Three secrets to learning the language of social selling

Three secrets to learning the language of social selling

By Ready For Social | Nov 11, 2021

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Are you in sales and trying to understand how social media can help you better connect with your clients or find new prospects? Do you hear from your colleagues that’s what they’re doing, but you haven’t quite wrapped your head around it yourself? Learning how to use social media (or social selling) is a bit like learning a new language: challenging, complicated and inconsistent with the rules you’ve always known. 

Learning a new language is more difficult once you reach adulthood, but it’s by no means impossible. Massachusetts Institute of Technology (MIT) researchers have made promising findings revealing that if you start learning a language before 18, you have a much better likelihood of obtaining a native-like mastery of the language’s grammar than if you start later.

At Thought Horizon, we’ve been teaching social selling to salespeople since 2014. And we can confirm: anyone—no matter their age—can become fluent if they put their mind to it. With social media it’s like with a new language: The more you are exposed to it, the more you learn to speak it. 

Luckily, we have a few tricks for you to make the learning process a little easier and more efficient. 

Determination and your why 

Being dropped into a new place where you are not understood can motivate you to learn a language. So it is with social selling. An empty sales funnel, and colleagues leveraging LinkedIn or Twitter all around you are supreme motivators to get good at social media. 

On the other hand, if you feel that social media is just a “nice to have” addition to your other sales methods, there is a good chance you will never become proficient at it. Your marketing team can’t make you use social media either.   

You must want to learn. You must want to change and improve. And you must have a reason to stick with your goal. Do you have one already? 

Immersion in the new language is a bulletproof method
for new learners to gain proficiency

Once you are determined to learn, frequent practice brings fluency. Social selling is no different. Only by being present and accountable on social channels will you learn to use those channels to make a difference in your paycheck. You need to find customers who can make decisions and buy your products and then slowly build trust and influence day by day. Certainly, you will learn shortcuts over time, and it will be a difficult slog at first. Trust us, staying at it and being determined will yield success. We’ve seen this over and over again.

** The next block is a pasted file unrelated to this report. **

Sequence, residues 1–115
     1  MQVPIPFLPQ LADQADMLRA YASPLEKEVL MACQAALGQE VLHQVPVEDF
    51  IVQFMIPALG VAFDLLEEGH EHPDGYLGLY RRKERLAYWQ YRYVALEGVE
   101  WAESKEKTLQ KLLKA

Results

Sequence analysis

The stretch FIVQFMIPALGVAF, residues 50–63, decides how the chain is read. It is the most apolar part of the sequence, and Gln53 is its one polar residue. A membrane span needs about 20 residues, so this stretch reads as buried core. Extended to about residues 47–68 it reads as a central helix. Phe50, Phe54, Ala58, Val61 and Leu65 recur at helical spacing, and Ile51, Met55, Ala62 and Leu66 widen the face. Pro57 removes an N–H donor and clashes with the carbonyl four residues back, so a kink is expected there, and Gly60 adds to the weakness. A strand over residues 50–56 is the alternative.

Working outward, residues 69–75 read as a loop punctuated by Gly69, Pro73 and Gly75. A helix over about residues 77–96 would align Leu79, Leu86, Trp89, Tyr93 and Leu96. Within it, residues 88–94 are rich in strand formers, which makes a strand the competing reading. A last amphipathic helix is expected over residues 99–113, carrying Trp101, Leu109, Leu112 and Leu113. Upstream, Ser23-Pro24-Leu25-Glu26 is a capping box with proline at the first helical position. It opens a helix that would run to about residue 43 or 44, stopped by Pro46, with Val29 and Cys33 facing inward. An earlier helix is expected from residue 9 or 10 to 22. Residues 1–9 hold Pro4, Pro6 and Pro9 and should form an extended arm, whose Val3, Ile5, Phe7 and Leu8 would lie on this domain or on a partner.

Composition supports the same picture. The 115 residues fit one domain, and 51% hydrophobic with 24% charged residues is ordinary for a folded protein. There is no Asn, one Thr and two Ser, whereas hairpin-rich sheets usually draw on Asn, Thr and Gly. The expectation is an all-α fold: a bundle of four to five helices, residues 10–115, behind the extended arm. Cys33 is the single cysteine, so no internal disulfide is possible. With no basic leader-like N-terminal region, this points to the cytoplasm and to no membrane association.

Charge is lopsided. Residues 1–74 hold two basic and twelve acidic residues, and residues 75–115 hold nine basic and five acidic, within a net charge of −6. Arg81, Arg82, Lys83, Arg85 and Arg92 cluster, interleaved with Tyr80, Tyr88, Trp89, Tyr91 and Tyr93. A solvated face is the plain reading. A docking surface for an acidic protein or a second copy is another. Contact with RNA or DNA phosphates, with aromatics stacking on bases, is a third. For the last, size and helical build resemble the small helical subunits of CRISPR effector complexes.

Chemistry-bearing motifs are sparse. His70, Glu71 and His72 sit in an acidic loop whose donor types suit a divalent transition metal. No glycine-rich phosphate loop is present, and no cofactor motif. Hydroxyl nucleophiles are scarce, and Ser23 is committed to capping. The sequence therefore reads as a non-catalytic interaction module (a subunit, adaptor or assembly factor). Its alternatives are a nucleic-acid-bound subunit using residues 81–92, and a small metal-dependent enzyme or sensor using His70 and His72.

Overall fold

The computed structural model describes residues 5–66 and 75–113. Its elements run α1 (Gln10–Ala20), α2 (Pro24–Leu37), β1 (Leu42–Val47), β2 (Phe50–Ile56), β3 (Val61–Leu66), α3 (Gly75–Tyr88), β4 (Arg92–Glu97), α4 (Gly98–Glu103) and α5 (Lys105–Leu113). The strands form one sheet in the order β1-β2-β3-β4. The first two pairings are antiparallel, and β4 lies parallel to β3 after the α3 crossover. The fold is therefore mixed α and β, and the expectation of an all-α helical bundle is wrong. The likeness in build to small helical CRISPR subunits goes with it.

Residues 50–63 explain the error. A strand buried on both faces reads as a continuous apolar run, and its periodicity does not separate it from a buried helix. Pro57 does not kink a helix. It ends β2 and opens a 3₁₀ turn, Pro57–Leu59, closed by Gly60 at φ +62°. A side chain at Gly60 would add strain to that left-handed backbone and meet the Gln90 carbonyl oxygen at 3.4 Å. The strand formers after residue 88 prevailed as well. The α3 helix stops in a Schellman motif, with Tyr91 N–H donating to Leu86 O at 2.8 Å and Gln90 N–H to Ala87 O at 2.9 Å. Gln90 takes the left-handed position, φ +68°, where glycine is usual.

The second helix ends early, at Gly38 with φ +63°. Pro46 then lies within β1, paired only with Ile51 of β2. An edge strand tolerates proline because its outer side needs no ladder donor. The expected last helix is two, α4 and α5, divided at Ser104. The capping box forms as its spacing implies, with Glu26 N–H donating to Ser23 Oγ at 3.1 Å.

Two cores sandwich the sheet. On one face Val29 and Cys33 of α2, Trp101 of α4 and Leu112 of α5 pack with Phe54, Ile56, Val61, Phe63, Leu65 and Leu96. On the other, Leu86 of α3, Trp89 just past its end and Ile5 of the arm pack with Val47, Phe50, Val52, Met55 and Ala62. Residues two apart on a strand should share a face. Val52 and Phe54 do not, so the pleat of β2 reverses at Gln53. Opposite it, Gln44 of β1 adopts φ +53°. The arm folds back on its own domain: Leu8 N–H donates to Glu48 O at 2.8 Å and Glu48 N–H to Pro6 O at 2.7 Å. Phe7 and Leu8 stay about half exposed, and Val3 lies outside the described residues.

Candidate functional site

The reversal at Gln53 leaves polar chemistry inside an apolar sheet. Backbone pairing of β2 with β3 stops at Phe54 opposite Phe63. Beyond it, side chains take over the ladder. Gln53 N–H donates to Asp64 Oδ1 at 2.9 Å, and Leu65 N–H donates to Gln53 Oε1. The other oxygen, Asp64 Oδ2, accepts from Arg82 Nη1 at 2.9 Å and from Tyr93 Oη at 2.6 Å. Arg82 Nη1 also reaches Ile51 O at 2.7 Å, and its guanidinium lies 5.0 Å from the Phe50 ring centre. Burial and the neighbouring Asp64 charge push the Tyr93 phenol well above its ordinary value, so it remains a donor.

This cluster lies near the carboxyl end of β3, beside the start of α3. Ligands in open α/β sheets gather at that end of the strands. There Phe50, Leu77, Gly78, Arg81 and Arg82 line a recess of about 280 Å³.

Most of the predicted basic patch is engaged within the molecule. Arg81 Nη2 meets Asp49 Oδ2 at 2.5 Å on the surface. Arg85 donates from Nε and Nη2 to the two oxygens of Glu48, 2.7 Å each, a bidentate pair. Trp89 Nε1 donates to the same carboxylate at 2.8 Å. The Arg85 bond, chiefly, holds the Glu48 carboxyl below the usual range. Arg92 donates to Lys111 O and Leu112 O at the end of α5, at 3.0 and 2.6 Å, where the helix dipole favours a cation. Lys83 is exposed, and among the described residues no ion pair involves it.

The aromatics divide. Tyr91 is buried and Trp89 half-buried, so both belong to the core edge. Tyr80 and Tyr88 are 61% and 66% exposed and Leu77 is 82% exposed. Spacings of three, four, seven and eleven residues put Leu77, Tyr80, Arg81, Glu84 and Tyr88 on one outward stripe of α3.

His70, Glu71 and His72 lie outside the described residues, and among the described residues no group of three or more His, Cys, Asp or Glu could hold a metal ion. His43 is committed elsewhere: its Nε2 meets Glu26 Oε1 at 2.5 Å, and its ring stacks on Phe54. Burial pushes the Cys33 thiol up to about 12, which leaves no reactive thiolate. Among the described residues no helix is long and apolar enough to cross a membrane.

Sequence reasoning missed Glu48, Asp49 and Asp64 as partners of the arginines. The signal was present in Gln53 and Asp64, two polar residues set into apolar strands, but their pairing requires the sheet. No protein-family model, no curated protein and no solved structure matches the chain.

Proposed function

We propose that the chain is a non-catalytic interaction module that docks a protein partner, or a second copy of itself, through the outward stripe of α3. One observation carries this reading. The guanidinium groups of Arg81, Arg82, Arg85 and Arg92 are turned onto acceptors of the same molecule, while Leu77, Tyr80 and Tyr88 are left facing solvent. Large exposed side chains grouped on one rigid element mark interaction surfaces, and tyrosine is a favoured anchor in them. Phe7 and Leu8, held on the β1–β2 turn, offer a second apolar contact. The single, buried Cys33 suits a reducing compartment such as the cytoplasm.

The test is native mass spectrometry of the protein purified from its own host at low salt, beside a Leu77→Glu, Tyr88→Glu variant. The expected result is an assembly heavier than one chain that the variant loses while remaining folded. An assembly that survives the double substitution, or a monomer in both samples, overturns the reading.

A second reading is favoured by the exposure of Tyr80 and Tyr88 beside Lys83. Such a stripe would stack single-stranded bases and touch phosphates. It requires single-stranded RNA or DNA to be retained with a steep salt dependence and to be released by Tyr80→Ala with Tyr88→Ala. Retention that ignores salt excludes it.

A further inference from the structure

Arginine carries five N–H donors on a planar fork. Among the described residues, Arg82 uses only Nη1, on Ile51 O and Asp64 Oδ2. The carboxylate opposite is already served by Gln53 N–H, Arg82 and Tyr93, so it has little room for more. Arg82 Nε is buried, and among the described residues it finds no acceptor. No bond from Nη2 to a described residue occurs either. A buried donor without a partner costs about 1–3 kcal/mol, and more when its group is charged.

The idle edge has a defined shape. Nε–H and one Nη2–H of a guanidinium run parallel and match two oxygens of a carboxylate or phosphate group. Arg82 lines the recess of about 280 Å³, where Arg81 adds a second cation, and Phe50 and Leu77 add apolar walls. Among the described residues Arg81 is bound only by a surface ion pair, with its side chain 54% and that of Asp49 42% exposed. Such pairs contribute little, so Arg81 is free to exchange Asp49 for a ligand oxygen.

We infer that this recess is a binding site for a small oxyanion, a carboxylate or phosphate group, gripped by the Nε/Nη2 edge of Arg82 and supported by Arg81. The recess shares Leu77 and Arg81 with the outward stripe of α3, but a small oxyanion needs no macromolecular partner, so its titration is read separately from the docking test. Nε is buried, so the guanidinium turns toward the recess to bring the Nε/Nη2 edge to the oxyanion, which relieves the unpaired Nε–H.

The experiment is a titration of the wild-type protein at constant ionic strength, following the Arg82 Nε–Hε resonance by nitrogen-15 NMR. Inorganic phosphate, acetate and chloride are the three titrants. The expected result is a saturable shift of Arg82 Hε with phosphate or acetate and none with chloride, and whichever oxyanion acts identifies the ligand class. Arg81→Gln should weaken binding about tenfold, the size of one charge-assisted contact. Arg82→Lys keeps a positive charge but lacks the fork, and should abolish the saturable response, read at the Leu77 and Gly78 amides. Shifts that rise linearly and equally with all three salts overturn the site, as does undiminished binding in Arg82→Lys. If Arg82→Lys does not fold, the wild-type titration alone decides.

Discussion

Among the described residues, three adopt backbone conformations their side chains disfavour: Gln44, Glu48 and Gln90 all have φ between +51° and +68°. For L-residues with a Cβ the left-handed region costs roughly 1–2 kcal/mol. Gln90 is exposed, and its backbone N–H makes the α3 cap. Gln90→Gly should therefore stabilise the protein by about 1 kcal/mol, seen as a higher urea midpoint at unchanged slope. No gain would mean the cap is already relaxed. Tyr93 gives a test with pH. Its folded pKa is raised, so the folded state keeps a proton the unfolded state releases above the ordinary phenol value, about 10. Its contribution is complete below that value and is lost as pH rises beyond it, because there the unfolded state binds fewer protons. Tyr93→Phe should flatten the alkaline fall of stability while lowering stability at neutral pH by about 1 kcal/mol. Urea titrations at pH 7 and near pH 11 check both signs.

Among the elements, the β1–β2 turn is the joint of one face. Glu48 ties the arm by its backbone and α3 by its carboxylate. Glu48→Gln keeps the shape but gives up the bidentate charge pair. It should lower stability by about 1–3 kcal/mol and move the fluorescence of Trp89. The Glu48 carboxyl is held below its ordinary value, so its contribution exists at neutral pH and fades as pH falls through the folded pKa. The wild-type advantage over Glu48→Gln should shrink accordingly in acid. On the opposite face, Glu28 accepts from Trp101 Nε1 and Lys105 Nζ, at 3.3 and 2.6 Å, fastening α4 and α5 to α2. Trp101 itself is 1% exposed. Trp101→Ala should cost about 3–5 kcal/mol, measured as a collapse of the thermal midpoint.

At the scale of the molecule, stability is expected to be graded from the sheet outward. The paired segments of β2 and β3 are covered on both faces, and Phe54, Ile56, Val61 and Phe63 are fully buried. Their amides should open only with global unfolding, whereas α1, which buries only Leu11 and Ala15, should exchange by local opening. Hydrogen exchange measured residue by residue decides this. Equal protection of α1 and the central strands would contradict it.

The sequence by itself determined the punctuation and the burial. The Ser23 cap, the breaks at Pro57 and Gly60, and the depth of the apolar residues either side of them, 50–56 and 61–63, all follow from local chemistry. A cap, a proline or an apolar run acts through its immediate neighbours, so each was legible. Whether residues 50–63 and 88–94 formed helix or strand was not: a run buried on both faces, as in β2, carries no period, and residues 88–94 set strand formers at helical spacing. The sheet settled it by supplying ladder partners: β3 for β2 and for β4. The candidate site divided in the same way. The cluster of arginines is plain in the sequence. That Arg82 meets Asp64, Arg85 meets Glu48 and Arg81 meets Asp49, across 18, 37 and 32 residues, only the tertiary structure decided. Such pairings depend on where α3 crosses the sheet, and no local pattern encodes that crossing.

A willingness to learn is a willingness to make mistakes 

Having learned modern Greek, Spanish and Italian over the years in preparation for trips abroad, I have learned this lesson well. I recall asking a maid on Crete for extra towels entirely in the third person plural because it was the only construction I remembered. I am sure I sounded ridiculous, but I got my meaning across, and she was even willing to help me learn better Greek for future conversations.  

It is the same with social selling. You may make some mistakes, but others will surely help you along if your purposes are pure. If you desire to help your customers by giving good advice on social channels with no immediate reward expected, you’ll do fine. There is very little to worry about.  

Social media isn’t just for the kids—but that being said, know your audience. If you love to communicate with people, social outlets give you a chance to get your ideas in front of many customers and executives. But know the difference between LinkedIn and Twitter! Social selling isn’t a uniform language. It’s learning how to switch between dialects. Know where to don your professionalism and where to crack a joke or share an amusing anecdote. 

Social Selling as a native tongue 

Keeping these tips in mind should help you learn the language of social selling in no time, but remember: business isn’t all “businesslike” anymore. Like any language, social selling continues to evolve—and we all need to keep up. 


Photos by George Pagan III on Unsplash;  Omkar Patyane on Pexels and  Poppy Thomas Hill on Pexels